GoDaddy is making a sincere effort, and they’re not the kind of run-for-the-hills bad that EIG is. Still, the truth is that there’s no situation in which it’s recommended WordPress hosting in my book (the same with Media Temple, which it bought a few years ago), given the better choices out there.
2. Hosting Type
To find the right web hosting for your project, it’s very important to know: What type of hosting does the project need? For WordPress projects, the hosting options basically break down into three classes:
- Shared WordPress Hosting
- Managed WordPress Hosting
- Dedicated and Virtual (VPS) Hosting
Let’s look at the strengths and limitations of each type of hosting for WordPress.
With shared hosting, you’re buying space on an enormous web server that also hosts hundreds of other sites. Its benefits are that it’s generally cheap (usually $5 to $30) a month, and simple to use with cPanel and other standard tools. Its drawbacks are that it can be relatively slow, especially if neighboring sites on the same server experience traffic spikes, and tends to make relatively few server resources available to any one customer.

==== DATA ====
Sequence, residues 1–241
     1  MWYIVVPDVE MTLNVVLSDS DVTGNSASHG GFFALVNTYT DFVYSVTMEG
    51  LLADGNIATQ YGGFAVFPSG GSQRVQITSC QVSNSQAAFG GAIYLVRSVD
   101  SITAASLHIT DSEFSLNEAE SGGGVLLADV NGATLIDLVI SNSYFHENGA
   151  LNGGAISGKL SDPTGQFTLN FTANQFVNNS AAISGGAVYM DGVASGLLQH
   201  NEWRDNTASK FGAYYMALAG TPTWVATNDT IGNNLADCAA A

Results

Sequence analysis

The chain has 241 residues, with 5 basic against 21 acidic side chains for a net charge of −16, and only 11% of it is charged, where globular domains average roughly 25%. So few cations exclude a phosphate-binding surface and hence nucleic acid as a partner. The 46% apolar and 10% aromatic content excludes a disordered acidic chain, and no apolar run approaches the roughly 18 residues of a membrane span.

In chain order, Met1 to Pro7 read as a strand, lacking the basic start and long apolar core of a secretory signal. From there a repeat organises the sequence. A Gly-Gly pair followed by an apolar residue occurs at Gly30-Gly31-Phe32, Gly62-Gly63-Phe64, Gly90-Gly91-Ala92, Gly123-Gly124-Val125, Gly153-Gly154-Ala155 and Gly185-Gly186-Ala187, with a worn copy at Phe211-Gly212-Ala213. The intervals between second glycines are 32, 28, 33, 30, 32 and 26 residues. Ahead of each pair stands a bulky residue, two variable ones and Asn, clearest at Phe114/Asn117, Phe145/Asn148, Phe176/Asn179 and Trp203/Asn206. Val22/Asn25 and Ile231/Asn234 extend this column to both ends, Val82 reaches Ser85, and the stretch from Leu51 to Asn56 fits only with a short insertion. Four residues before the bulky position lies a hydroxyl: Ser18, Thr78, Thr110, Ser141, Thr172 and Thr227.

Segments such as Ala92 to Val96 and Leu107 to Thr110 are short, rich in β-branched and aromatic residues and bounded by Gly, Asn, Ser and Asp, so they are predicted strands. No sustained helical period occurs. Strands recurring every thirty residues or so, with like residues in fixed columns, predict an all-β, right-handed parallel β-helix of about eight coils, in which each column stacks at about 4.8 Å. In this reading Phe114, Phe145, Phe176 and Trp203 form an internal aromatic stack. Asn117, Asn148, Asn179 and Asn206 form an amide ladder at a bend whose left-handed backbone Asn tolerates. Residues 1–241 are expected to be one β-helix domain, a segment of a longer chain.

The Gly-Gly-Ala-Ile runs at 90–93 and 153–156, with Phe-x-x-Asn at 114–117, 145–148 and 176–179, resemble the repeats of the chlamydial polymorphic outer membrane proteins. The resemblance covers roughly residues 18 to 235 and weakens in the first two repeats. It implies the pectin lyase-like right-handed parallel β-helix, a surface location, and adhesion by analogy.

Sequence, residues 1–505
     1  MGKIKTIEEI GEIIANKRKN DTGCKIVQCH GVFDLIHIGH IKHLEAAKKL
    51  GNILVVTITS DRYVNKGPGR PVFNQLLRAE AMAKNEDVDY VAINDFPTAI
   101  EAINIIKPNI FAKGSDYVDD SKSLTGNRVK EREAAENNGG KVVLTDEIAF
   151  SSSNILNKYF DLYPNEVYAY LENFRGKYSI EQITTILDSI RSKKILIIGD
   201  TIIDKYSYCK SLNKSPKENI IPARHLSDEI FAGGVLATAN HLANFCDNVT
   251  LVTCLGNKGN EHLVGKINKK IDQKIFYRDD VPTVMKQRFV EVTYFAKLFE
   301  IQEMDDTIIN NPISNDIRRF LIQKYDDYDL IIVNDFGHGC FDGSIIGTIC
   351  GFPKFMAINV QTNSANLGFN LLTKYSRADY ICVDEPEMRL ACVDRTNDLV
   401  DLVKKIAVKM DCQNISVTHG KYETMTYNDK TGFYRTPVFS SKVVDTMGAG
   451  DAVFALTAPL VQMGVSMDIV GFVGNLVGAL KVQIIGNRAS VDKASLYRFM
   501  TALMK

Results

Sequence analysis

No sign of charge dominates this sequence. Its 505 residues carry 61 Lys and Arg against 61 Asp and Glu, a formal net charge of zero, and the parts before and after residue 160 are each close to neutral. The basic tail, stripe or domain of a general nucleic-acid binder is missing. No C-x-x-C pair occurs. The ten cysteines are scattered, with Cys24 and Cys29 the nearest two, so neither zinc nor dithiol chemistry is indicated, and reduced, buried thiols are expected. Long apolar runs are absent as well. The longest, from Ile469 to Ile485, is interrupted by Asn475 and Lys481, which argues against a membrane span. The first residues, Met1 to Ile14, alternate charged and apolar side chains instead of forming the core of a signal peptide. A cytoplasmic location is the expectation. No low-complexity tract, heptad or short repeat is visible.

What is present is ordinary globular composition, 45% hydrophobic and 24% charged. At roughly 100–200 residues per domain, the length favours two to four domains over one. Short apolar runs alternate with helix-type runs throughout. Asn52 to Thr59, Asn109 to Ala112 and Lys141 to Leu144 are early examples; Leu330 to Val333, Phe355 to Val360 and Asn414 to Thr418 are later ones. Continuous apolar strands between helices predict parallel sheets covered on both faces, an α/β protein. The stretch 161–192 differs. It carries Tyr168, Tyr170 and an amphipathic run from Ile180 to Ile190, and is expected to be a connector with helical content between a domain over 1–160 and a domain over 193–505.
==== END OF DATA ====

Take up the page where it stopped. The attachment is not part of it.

Our top recommendation for shared hosting is SiteGround. A true partner in the WordPress community, SiteGround gets almost everything about shared hosting right and very little wrong.
Managed WordPress hosts offer servers that are optimized for WordPress’s specific way of working. The benefits of managed hosting are that it’s fast thanks to those server optimizations, its support techs are generally WordPress experts, and it comes with bundled features like auto-updates, automatic backups, and staging sites. Its drawbacks are that it’s more expensive than shared hosting, with costs that ramp up quickly as your traffic grows, and that it gives you little control over the server itself.
Our top recommendation for managed hosting is Kinsta: the most-loved managed WordPress host on the market today.
VPS or Dedicated Hosting
Dedicated and virtual hosting give you either an entire server to yourself, or a virtual private server (VPS), a partition on a larger server. In either case, you typically get more server resources than with most shared hosting plans. The benefits of these forms of hosting are that they’re generally fast and able to handle lots of traffic, and you get full access to the server. The drawback is you’ll need a strong understanding of server administration. (In other words, if you’re unsure what “Unix” or “SSH” are, this is unlikely to be best for you.)
Our top recommendation for dedicated and virtual hosting is Cloudways: their “cloud” model basically makes them resellers for other VPS providers like Digital Ocean, simplifying your setup and management experience greatly.